a window to your soul

I'm just getting my film back from my trip home to Louisiana.  I made a point to capture the windows that spoke to me.  Windows dressed so simply, yet so profound.

I've been taking my time, lately.  Documenting here and there with my camera, but mostly living in the moment.  Experiencing without the need to click a shutter.  Surprisingly, I am enjoying that.

More, soon.

coffee and cameras

Spending some time in Louisiana (more images to come once film is developed + scanned).

And of course, coffee is first on my list of places to visit while I am home.

Imagine my surprise when I walked in and saw all of those cameras - heaven!   And the other nice touch - the owner's photography is displayed on all of the walls.  Nothing like talking cameras over coffee, I could probably do that all day.

Loved this place, I'll definitely be back.

On a side note, I'm really loving Fuji Pro 400H film these days.  I've overexposing by one stop, and I'm finding that makes a world of difference.

in the kitchen

undefinedundefinedundefined In the kitchen with my mom, and we found ourselves baking walnut brownies.  I have so much to learn, but she is such a wonderful teacher! Really simple recipe (adapted from here based on what we had):

  • 1/4 cup butter
  • 1/2 cup white sugar
  • 1/2 cup brown sugar
  • 1/2 cup cocoa powder
  • 3/4 cup flour
  • 2 egg whites
  • 2 tablespoons vanilla extract
  • 1 cup chopped walnuts

And here is what to do:

  • Preheat oven to 300 degrees F (175 degrees C). Grease a baking pan, in our case, a cast iron skillet!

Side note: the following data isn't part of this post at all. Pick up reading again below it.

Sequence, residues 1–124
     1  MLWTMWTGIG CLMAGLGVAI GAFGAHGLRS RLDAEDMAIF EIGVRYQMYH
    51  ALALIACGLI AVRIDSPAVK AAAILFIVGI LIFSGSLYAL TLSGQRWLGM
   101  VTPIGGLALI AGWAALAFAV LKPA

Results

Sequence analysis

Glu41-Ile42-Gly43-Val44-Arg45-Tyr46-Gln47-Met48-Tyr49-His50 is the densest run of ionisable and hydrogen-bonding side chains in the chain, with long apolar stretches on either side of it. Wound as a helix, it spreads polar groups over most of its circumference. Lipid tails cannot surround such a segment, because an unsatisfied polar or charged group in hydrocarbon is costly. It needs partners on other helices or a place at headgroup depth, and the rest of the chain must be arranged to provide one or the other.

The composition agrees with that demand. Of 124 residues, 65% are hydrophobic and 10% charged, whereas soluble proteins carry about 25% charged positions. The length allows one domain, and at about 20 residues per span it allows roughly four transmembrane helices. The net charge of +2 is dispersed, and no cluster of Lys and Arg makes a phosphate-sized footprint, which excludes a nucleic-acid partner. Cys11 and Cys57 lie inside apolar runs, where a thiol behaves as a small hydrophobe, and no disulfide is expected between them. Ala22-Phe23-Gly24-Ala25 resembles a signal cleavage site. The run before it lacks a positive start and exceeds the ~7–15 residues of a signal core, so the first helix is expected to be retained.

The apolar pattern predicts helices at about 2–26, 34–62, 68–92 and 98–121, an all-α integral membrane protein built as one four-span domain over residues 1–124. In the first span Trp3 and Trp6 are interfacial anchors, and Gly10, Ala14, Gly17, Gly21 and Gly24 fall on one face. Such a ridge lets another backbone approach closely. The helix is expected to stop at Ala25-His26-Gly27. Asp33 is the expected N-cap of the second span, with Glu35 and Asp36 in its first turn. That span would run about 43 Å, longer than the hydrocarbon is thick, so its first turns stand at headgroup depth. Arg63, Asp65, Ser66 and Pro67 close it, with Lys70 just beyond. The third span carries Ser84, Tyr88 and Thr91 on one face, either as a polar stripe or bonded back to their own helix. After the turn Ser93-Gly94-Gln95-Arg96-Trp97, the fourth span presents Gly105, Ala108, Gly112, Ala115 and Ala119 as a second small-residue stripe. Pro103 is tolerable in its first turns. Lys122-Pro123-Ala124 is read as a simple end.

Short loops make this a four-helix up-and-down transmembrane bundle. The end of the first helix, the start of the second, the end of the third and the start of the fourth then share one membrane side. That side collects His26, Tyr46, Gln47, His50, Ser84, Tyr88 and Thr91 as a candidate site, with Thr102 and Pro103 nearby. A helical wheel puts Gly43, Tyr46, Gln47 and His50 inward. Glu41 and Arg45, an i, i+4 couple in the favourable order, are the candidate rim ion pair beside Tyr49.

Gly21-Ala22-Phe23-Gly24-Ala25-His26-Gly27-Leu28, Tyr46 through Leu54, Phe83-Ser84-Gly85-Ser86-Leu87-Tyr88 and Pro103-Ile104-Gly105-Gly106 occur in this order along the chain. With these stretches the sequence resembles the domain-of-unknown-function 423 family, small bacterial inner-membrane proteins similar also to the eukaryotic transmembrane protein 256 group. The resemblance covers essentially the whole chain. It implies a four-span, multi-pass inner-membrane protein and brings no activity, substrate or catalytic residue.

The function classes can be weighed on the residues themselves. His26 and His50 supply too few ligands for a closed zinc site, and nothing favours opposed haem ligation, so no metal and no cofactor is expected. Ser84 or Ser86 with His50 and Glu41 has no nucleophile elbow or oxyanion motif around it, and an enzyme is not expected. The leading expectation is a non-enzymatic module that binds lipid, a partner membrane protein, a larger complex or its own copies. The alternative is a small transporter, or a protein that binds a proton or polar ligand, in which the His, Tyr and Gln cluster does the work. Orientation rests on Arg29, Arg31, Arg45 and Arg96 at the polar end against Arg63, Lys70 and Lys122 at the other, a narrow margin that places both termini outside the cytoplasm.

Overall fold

• Melt the butter over low heat. Pour into large mixing bowl and stir in cocoa powder, sugar, flour, and vanilla. Mix in egg whites and half of the walnuts.
  • Spread evenly into the baking pan (or cast iron skillet).
  • Top the brownies with the 2nd half of walnuts.
  • Bake for 30 minutes.
  • Let cool in pan for 30-45 minutes before cutting.

And of course, adjust as you see fit - based on what you have.

Warning: These are so good, we have made them twice in the last three days!

from the first roll....

More captures from this day, all taken at my mother's home - hence, the paint brushes!  The grain is courtesy of ISO 800 film, which should have been ISO 400 based on my lighting, but I like the results nonetheless.

I'm learning how to create different effects in my work.  Blue tones, clear vivid colors, grain - it's amazing the different moods in film photography that I can create simply by my choice of film.

Today I'm picking up some I dropped off film at the lab and I have no clue what's on it.  I love that.

I have a few links that I enjoyed this week that I would like to share with you ~

+ 9 things Irene's son's have taught her on their 9th birthday

+ Elisabelle's beautiful portraits.

+ This photo from Dottie.

+ Our new post on One Inspiration, Two Perspectives

+ 5 questions for Chrystine

******

Thanks so much for your kind comments on the "what's in my bag" post!  As you can see, I can't take may shots without one (or both) girls nearby.

Happy weekend to you!

the seemingly mundane

More film shots from this day.  Did I mention how much I love film?

Lately, I have been struck by the seemingly mundane things in my life that mean so much to me.  At this point in my life, I am devoting so much time to my family and giving so much of myself.  By the end of most days I am completely exhausted.  I have so many ideas in my head and things that I would like to do.  There just aren't enough hours in the day!

I embrace this period in my life because I know that my little ones will not always be so little.  I remind myself that if it where not for them, the beauty of the seemingly mundane would not be that important to me.  I love capturing the little things of my day, these that I would forget had I not pointed my camera and pressed the shutter.

I'll leave you with this link that I found via Elisabelle.  If you have a moment, please visit Days with my father.  I was really touched by the words and images of by Phillip Toledano.  To me, this is the epitome of capturing the seemingly mundane to tell a story about life.

Have a wonderful weekend, friends.